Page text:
QueenʼsMen Editions

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  • Title: Friar Bacon and Friar Bungay (Quarto)
  • Editors: Christopher Hicklin, Christopher Matusiak

  • Copyright Queen's Men Editions. This text may be freely used for educational, non-profit purposes; for all other uses contact the Editor.
    Author: Robert Greene
    Editors: Christopher Hicklin, Christopher Matusiak
    Peer Reviewed

    Friar Bacon and Friar Bungay (Quarto)

    The honourable historie of Frier Bacon.
    To Fresingfield Ile fetch the bonny girle,
    And prooue in true apparance at the court
    1750What I haue vouched often with my tongue.
    Henrie. Lacie, go to the quirie of my stable,
    And take such coursers as shall fit thy turne,
    Hie thee to Fresingfield and bring home the lasse,
    And for her fame flies through the English coast,
    1755If it may please the ladie Ellinor,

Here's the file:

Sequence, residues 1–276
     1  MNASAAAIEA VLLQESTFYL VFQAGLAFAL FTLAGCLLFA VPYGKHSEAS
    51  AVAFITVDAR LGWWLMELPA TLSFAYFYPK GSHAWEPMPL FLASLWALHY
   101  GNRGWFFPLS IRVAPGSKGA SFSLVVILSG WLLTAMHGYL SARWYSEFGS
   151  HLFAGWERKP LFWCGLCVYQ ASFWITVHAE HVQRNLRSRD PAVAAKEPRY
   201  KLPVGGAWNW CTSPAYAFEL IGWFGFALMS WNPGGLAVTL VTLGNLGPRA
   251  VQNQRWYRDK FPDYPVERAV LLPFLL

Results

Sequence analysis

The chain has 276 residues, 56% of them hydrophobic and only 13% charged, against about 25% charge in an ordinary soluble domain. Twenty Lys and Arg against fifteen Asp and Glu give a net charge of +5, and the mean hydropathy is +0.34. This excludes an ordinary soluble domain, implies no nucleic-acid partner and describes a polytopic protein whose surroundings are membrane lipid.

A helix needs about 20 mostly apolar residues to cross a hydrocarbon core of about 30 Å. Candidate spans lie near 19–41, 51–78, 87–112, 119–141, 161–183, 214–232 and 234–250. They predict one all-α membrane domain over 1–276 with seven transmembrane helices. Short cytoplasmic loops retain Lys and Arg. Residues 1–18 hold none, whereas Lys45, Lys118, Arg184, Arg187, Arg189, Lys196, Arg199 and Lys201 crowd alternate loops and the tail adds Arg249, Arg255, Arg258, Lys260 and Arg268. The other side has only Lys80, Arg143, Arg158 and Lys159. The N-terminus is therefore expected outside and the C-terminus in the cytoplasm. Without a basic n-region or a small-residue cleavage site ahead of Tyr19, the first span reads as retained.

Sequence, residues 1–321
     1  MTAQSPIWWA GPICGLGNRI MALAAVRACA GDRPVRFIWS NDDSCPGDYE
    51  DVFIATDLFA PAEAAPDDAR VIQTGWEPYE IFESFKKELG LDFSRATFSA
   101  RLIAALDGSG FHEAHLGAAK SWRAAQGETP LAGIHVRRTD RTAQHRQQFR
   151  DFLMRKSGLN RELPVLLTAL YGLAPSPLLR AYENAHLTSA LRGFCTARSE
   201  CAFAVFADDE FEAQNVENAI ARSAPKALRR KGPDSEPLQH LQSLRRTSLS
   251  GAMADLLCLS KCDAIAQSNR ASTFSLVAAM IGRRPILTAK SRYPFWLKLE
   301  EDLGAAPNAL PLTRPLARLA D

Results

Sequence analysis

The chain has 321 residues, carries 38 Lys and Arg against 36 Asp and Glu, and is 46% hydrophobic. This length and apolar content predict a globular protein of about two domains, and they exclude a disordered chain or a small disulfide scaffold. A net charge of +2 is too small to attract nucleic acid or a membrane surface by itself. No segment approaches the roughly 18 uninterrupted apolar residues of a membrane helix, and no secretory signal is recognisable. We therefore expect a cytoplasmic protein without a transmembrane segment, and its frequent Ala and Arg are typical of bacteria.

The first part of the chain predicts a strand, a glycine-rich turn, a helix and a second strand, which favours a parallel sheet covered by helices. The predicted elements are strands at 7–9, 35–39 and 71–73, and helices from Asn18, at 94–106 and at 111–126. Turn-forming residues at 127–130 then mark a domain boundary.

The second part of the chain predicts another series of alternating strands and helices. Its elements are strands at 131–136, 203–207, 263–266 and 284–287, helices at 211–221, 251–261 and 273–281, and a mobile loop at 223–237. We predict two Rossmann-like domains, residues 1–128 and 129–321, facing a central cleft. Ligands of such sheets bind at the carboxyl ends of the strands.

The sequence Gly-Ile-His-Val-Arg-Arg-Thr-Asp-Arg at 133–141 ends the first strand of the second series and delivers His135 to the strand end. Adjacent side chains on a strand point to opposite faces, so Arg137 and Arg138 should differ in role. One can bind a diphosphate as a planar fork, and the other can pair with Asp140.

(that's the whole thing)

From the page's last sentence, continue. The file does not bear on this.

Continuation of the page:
One day shall match your excellence and her,
    Ellinor. We Castile ladies are not very coy,
    Your highnesse may command a greater boone,
    And glad were I to grace the Lincolne earle
    1760With being partner of his marriage day.
    Edward. Gramercie Nell for I do loue the lord,
    As he thats second to my selfe in loue.
    Raphe. You loue her, madam Nell, neuer beleeue him you
    though he sweares he loues you.
    1765Ellinor. Why Raphe.
    Raphe. Why his loue is like vnto a tapsters glasse that is bro-
    ken with euery tutch, for he loued the faire maid of Fresingfield
    once out of all hoe, nay Ned neuer wincke vpon me, I care not I.
    Hen. Raphe tels all, you shall haue a good secretarie of him,
    1770But Lacie haste thee post to Fresingfield:
    Eor ere thou hast fitted all things for her state,
    The solemne marriage day will be at hand.
    Lacie. I go my lord. Exit Lacie.
    Emperour. How shall we passe this day my lord.
    1775Henrie. To horse my lord, the day is passing faire,
    Weele flie the partridge or go rouse the deere,
    Follow my lords, you shall not want for sport.

    Enter frier Bacon with frier Bungay to his cell.

    1780Bungay. What meanes the frier that frolickt it of late,
    To sit as melancholie in his cell: